My friend, author Amy Julia Becker is Princeton-educated, intelligent, physically attractive, and from a world of relative privilege. And she unexpectedly gave birth to a daughter with Down syndrome.
In the hospital after delivery, she and her husband Peter scrambled to learn about Down syndrome as they reeled and grieved over the news that had flipped their lives upside down, even as they tried to welcome Penny, the child they had anticipated so keenly and now held in their arms.
Amy Julia has written a beautiful book, A Good and Perfect Gift, about Penny, about disabilities, about wrestling with God over big questions in our lives, and about what a valuable life is, what a good life is. These are all things she’s learned over the six years that she has parented Penny and two younger siblings.
I bought and read the book because she’s a fine writer and — mostly — because she’s my friend. I would have said, “I’m not that interested in reading a book about disabilities; it doesn’t apply to me.” How wrong I was. This book has universal application for anyone who’s ever wondered why life doesn’t always go as planned or who’s wrestled with how we define “good.” It’s a powerful, brilliant book, and I’d like to write about it twice this week here.
First off, I was struck deeply when I read, “I’ve either ignored or avoided a whole group of people for my entire life,” something Amy Julia wrote about saying to her husband after she quickly went online after Penny’s birth and learned that there were 350,000 people with Down syndrome in the United States. She went on to say, “I always thought that people with disabilities just weren’t my thing. I’m so ignorant…. it’s more than that. I feel like I’ve never had time to even acknowledge these people’s existence, much less to actually get to know them.”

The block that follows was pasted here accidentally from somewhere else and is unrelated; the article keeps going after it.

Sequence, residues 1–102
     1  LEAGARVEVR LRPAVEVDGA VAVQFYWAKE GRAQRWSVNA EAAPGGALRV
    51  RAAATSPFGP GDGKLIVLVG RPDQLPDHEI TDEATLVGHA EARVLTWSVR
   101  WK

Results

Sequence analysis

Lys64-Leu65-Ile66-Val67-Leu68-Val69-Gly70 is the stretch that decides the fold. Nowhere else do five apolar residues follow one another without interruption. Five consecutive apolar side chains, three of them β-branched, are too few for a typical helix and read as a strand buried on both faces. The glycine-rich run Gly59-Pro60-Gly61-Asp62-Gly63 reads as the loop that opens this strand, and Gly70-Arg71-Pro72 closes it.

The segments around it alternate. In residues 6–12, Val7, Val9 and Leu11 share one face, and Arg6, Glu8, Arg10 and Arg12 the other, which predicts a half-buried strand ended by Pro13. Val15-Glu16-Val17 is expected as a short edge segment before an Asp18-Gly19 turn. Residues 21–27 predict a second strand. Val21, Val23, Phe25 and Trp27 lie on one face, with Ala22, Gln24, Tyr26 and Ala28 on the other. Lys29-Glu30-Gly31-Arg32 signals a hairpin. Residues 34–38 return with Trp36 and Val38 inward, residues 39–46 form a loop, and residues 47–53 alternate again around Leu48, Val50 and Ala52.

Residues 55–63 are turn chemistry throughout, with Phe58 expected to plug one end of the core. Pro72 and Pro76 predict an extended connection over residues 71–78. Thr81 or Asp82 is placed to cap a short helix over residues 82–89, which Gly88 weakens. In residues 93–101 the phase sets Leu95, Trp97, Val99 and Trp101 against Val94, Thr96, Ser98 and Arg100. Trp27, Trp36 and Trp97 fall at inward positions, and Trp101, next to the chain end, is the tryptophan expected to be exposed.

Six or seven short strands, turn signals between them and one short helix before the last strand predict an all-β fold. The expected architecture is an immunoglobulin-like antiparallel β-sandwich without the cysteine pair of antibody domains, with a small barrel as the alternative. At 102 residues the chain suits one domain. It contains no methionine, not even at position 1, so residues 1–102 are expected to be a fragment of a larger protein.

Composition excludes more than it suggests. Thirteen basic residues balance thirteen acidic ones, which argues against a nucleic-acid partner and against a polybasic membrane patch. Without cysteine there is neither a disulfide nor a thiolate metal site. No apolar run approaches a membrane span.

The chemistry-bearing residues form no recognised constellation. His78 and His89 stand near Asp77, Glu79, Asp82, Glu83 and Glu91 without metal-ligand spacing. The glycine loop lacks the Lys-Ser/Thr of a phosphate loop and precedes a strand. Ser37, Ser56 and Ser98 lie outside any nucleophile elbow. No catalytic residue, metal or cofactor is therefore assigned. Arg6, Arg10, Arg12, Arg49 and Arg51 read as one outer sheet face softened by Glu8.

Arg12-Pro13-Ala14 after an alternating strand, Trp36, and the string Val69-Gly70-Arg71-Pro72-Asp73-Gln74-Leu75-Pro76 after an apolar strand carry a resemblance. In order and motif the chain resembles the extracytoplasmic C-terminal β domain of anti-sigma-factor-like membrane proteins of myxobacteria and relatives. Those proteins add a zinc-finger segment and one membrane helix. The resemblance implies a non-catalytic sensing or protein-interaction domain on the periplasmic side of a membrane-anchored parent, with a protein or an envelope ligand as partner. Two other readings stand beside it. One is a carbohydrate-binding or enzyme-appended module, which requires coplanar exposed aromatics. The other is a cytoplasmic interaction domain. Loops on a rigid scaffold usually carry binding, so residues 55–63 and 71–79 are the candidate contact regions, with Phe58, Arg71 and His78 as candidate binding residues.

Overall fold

What I had to wrestle with while reading this book is this: “What categories of people do I ignore or avoid, not acknowledge the existence of, or refuse to get to know?” and “About whom do I say, ‘Being with those sorts of people just isn’t my thing?'”
I’m not saying that we can know representatives of every single people group on the planet, nor am I insisting we must advocate for the needs of every single branch of humanity. We all have limits to our time and resources, and we each are rooted geographically in ways that help determine where we’ll spend our lives and our energies.
But I am talking about affording respect to all people and assuming that every human being has value and worth and dignity and beauty.
So here are the questions again: “What categories of people do I ignore or avoid, not acknowledge the existence of, or refuse to get to know?” and “About whom do I say, ‘Being with those sorts of people just isn’t my thing?'”
I’m not ready to put my answer to paper, but I can assure you that, sadly, I have an answer to the question. And I’m ashamed of that.
How about you?
Amy Julia writes all over the place; you can find her at Huffington Post, New York Times’ Motherlode, etc. You can link to more of her work through her site.